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The Bootleg Files: Wings Over Everest

BOOTLEG FILES 685: “Wings Over Everest” (1934 Academy Award-winning documentary short).

LAST SEEN: One YouTube.

AMERICAN HOME VIDEO: None.

REASON FOR BOOTLEG STATUS: A forgotten work.

CHANCES OF SEEING A COMMERCIAL DVD RELEASE: Not as a standalone film.

Everyone knows that Edmund Hillary and Tenzing Norgay were the first men to reach the peak of Mount Everest with their landmark 1953 expedition up the Himalayan mountain. However, most people are unaware that they were not the first men to see the top of the world’s highest mountain. That achievement belonged to a 1933 aerial expedition led by Sir Douglas Douglas-Hamilton (also known as Lord Clydesdale) and Lieutenant David McIntyre. Sadly, that accomplishment has been mostly forgotten today – except for Academy Award completists who know about the expedition through a short documentary called “Wings Over Everest.”
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The Bootleg Files: Elstree Calling

BOOTLEG FILES 678: “Elstree Calling” (1930 British musical revue co-directed by Alfred Hitchcock).

LAST SEEN: We cannot confirm the last public exhibition of this film.

AMERICAN HOME VIDEO: On bootleg video labels only.

REASON FOR BOOTLEG STATUS: Never made available for U.S. commercial home entertainment release.

CHANCES OF SEEING A COMMERCIAL DVD RELEASE:
It is possible, but not a priority.

In 1930, the first British musical feature film was released under the title “Elstree Calling.” Today, most people are aware of the film only because of Alfred Hitchcock’s involvement in the production.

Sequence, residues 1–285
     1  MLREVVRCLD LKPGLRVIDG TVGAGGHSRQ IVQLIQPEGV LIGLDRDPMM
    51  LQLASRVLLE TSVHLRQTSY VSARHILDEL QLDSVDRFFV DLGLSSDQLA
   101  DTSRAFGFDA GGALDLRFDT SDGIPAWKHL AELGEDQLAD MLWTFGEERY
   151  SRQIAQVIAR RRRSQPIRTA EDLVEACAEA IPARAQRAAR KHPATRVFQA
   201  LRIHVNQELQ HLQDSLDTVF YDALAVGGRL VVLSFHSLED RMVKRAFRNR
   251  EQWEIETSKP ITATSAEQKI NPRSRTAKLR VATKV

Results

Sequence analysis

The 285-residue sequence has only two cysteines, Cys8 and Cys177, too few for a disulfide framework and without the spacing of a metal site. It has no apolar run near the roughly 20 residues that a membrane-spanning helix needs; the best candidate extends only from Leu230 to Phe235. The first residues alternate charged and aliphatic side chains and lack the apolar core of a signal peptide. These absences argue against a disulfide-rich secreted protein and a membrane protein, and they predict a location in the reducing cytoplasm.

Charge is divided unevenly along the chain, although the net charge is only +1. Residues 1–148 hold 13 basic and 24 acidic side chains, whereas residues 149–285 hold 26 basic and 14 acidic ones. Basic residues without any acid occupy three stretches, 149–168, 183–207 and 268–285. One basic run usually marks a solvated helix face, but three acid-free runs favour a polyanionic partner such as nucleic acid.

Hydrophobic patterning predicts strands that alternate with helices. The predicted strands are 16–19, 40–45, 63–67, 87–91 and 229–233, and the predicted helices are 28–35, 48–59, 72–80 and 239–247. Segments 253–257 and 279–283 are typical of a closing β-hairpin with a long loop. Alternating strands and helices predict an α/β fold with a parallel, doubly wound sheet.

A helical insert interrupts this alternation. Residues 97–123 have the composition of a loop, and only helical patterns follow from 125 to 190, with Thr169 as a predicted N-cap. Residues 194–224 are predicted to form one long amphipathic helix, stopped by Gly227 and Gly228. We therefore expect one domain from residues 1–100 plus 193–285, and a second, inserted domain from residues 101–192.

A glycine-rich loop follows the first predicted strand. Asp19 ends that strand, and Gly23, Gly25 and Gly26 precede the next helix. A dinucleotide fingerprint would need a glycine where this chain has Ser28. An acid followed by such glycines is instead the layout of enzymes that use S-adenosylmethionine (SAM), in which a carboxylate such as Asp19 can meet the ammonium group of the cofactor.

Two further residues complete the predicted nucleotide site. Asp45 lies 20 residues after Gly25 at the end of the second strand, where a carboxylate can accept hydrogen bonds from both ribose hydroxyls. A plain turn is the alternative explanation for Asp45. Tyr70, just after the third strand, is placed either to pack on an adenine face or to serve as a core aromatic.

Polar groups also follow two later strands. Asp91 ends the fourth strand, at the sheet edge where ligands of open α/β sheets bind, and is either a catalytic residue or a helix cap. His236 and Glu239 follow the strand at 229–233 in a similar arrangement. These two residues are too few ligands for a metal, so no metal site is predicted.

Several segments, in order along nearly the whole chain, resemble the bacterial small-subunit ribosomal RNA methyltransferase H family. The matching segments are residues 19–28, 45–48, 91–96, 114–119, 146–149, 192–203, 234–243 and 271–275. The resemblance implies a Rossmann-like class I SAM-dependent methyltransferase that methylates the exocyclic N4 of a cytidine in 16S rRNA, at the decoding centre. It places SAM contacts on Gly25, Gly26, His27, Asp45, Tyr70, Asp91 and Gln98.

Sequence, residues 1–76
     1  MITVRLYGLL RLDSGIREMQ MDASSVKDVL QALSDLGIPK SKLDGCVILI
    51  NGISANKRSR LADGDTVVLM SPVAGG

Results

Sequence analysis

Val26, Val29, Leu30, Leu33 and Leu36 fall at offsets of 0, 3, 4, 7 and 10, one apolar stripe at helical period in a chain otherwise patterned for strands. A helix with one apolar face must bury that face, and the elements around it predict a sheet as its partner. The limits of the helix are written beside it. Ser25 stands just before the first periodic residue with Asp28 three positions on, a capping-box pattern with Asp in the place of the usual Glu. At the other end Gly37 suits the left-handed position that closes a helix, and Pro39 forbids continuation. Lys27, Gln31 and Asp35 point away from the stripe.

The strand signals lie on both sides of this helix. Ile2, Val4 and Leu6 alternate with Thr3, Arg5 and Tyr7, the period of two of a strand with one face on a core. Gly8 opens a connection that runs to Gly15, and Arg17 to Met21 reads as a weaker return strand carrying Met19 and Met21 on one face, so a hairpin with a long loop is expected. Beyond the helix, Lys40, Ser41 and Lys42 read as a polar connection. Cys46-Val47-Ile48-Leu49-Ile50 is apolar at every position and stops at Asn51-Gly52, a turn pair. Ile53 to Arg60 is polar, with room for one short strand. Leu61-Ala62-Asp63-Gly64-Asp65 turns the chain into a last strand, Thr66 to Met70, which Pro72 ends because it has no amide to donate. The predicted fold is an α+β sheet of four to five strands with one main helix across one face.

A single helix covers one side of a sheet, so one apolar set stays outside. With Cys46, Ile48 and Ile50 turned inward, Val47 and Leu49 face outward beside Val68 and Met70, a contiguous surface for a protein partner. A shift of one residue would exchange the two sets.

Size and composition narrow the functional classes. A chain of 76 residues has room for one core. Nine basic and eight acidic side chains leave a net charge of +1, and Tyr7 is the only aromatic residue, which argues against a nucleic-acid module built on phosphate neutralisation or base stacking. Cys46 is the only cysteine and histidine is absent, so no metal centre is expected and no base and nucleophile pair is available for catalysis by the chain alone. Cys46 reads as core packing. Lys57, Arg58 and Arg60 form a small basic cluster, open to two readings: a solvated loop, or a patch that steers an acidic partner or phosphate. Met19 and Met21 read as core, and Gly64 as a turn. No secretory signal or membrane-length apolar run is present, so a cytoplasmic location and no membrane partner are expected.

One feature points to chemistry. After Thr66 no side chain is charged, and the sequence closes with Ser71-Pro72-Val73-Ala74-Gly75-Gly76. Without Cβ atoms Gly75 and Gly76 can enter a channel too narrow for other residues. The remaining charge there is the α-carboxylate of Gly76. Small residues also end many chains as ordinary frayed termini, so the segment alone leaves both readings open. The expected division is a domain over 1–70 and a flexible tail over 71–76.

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The Bootleg Files: The Wandering Jew

BOOTLEG FILES 675: “The Wandering Jew” (1933 British feature starring Conrad Veidt and Peggy Ashcroft).

LAST SEEN: On GodTube.

AMERICAN HOME VIDEO: None.

REASON FOR BOOTLEG STATUS: A perceived lack of commercial value.

CHANCES OF SEEING A COMMERCIAL DVD RELEASE: A U.S. release is highly unlikely.

The first feature-length production of the sound film era to incorporate Jesus Christ into the on-screen characters was not inspired by the Gospels. Instead, it was based on a weird legend that originated in the 13th century and percolated across Europe well into the early 20th century.
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The Bootleg Files: An Inspector Calls

BOOTLEG FILES 630: “An Inspector Calls” (1954 British drama starring Alastair Sim).

LAST SEEN: On the Internet Archive.

AMERICAN HOME VIDEO: None.

REASON FOR BOOTLEG STATUS: It has been commercially unavailable for years in the United States.

CHANCES OF SEEING A COMMERCIAL DVD RELEASE: There is a U.K. DVD version, but no U.S. version yet.

In the aftermath of World War II, British writer J.B. Priestley put forth the play “An Inspector Calls,” which offered an interesting mix of drawing room mystery and socialist agitation against his nation’s suffocating class system. The play was first performed in the Soviet Union in 1945 and later had its London premiere in 1946 starring Ralph Richardson as the eponymous investigator. The Broadway premiere occurred in 1947 with Thomas Mitchell as the inspector. “An Inspector Calls” also turned up on British television in 1948 and in radio adaptations in 1950 and 1953.
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The Bootleg Files: Bell Bottom George

BOOTLEG FILES 582: “Bell Bottom George” (1944 British comedy starring George Formby).

LAST SEEN: An unauthorized posting is on YouTube.

AMERICAN HOME VIDEO: None.

REASON FOR BOOTLEG STATUS: The film and its star are unknown in the U.S.

CHANCES OF SEEING A COMMERCIAL DVD RELEASE: It has been released on British DVD, but a U.S. release is unlikely.

Very few Americans ever heard of George Formby, but over in Great Britain he is revered as one of the top entertainers of the 1930s and 1940s. With his squeaky Lancashire voice, his toothy grin, his penchant for singing upbeat tunes (many with saucy double meanings) while playing a ukulele or banjolele, and a persona for being a lovable bumbler who somehow manages to save the day, Formby personified what the British refer to as the “cheeky chappie,” but which Americans would recognize as a working-class hero.

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